Friday, April 1, 2011

The Ellensburg sky for the week of 4/2/11

Saturday: Some people in town today for the Yakima River Canyon Marathon may be looking for a little running inspiration. While nothing can take the place of a 20 mile long run for marathon preparation (I know), certain objects in the night sky are inspiring. In the Bible, Job specifically mentions the star Arcturus, or the bear keeper, to his friend as a sign of God's majesty. He describes God as that "Which maketh Arcturus, Orion, and Pleiades, and the chambers (constellations) of the south" (Job 9:9, King James Version). Whatever your religious beliefs, it is clear that Job was impressed with this very bright star. See the star that inspired Job about one and a half fists held upright and at arm’s length above the east horizon at 9 p.m.

Sunday: The bright star Deneb is a half a fist above the north horizon at 11 p.m.

Monday: Saturn is opposition tonight. That doesn’t mean that Saturn is a teenager. Opposition means that Saturn is on the opposite side of the Earth as the Sun. When an object is in opposition, it is at its highest point in the sky during the darkest time of the day. Thus, opposition is typically the best time to observe a planet. Saturn is about four fists above the south horizon at 1 a.m. It is two fists above the southeast horizon at 9 p.m.
If you remember this column from 2/23/2008, 3/8/2009, and 3/21/2010, you know that Saturn was also in opposition on those dates. Thus, it is in opposition about two weeks later each year. Two weeks is about one twenty-fourth of a year. This implies that it takes Saturn about 24 years to make one orbit around the Sun and get back in line with the same stars again. Saturn’s actual orbital period of 30 years matches this approximation quite well.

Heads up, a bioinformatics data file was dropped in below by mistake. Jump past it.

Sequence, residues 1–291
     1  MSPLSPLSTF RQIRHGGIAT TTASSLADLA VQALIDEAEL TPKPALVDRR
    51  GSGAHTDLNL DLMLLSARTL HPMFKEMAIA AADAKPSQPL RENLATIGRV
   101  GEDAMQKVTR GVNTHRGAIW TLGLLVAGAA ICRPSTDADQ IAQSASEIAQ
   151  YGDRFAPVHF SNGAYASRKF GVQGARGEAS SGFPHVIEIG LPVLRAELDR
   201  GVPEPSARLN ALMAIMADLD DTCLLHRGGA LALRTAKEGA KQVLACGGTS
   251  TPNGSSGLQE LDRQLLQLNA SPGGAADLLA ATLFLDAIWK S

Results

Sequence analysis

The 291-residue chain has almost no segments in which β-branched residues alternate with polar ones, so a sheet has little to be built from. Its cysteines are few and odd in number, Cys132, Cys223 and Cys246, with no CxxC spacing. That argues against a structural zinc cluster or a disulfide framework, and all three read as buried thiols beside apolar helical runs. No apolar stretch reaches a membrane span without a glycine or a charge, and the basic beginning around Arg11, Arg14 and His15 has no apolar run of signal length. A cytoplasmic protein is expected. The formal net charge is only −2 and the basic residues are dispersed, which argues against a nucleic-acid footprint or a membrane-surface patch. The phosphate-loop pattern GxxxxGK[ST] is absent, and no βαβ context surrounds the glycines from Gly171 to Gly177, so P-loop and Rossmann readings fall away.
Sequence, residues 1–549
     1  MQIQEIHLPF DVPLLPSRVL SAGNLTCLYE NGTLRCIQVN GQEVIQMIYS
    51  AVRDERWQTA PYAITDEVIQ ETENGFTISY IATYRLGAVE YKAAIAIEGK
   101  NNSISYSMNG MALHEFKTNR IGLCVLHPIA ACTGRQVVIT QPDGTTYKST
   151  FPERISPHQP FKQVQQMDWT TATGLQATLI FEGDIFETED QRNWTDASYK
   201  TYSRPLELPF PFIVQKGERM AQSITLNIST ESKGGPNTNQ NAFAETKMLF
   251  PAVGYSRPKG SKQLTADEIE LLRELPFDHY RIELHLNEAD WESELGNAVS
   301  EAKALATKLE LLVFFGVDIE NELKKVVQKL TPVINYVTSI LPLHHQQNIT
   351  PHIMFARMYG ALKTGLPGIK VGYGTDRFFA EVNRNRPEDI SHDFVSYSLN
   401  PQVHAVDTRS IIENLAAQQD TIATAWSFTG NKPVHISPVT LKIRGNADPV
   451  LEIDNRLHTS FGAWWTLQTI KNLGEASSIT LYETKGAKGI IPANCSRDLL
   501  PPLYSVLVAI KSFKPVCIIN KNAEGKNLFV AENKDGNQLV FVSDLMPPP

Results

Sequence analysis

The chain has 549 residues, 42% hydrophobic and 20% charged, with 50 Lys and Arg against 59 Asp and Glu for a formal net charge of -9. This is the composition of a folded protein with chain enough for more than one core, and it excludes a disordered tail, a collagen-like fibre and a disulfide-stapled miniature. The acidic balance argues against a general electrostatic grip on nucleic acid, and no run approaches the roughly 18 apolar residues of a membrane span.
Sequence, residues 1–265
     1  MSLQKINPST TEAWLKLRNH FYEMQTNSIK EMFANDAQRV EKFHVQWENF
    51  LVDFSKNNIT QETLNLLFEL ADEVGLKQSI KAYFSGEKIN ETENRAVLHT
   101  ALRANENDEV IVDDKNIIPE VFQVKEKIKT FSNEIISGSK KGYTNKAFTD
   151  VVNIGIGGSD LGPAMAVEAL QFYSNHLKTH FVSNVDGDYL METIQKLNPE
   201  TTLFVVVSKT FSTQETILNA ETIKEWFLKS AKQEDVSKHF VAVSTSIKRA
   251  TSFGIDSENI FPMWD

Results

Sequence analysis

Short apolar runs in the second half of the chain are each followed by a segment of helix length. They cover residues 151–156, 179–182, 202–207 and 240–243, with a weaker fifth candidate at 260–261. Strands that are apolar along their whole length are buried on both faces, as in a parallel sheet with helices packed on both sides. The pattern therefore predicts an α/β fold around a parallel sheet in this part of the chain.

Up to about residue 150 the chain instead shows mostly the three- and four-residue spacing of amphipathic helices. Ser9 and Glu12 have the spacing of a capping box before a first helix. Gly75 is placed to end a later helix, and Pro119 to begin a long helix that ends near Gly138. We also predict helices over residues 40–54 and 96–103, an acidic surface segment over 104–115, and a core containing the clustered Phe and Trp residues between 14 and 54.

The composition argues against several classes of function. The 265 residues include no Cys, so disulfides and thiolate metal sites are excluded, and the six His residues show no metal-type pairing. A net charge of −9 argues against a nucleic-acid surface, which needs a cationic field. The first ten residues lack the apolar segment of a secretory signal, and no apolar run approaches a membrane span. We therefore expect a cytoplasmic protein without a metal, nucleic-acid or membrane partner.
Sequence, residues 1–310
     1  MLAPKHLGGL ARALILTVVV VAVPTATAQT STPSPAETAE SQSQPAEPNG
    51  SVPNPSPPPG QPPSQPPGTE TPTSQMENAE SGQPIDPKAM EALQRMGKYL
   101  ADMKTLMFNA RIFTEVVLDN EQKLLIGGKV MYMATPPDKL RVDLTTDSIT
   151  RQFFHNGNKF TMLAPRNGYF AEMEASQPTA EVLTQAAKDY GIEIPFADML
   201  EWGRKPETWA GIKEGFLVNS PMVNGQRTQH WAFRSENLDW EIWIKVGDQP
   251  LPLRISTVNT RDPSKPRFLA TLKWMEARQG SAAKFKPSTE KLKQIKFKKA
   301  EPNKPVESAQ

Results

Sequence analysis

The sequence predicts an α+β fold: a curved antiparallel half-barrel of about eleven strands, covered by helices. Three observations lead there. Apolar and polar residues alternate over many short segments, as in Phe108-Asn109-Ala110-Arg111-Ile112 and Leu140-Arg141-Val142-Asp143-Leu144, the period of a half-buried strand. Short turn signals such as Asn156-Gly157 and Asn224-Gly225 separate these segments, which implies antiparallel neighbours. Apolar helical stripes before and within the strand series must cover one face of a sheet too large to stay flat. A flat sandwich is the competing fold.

Tuesday: Give me a “W”. Cassiopeia, a W-shaped group of stars is two fists above the north horizon at 11 p.m.

Wednesday: Orion is getting lower and lower in the nighttime sky. Its second brightest star Betelgeuse is only one and a half fists above the west-southwest horizon at 11 p.m.

Thursday: This April, the hot topic in the tabloids is anyone in the Kardashian family. During April 2009, the International Year of Astronomy, the “Hot Topic” Astronomy was galaxies and the distant universe. When Galileo turned his telescope to the seemingly continuous band of light in the sky, he discovered it consisted of countless faint stars. This extended our celestial neighborhood from a few thousand stars to millions of stars. This neighborhood configuration lasted until the 1920’s when Edwin Hubble discovered that there are other galaxies with millions, or even billions, of stars just like our own galaxy. We may lose interest in celebrity break-ups but galaxies are always hot. At 11 p.m., you can see the thick band of the Milky Way galaxy starting at the northeast horizon, moving west through the bright star Deneb, through Cassiopeia, just above Betelgeuse and the Moon, under the feet of Gemini, and settling into the southwest horizon near Sirius, the brightest star in the nighttime sky. Follow this same track at this same time in a few nights when the Moon is not above the horizon to see the Milky Way even better.

Friday: Venus is a half a fist above the east horizon at 6 a.m.

The positional information in this column about stars and planets is typically accurate for the entire week.

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